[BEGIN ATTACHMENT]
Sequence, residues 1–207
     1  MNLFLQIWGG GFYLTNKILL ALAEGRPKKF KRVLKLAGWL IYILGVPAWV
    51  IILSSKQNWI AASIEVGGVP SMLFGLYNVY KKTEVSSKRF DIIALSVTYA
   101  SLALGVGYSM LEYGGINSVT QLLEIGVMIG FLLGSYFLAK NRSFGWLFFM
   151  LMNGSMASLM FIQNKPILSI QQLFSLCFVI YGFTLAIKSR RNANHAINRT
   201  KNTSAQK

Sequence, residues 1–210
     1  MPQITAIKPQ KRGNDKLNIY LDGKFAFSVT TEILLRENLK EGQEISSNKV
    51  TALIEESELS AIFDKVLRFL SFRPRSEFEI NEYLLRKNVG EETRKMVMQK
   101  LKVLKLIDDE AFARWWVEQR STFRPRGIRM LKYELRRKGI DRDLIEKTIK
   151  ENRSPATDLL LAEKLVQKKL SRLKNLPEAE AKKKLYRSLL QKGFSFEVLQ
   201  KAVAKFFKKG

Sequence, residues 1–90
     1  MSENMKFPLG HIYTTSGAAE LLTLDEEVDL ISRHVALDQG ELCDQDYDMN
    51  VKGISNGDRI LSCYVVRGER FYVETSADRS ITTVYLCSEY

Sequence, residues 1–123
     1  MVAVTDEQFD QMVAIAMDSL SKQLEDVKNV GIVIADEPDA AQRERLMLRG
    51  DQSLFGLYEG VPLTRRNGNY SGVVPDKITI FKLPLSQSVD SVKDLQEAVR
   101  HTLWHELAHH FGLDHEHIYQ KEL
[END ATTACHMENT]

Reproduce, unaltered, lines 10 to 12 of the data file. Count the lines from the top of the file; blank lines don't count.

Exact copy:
   101  LKVLKLIDDE AFARWWVEQR STFRPRGIRM LKYELRRKGI DRDLIEKTIK
   151  ENRSPATDLL LAEKLVQKKL SRLKNLPEAE AKKKLYRSLL QKGFSFEVLQ
   201  KAVAKFFKKG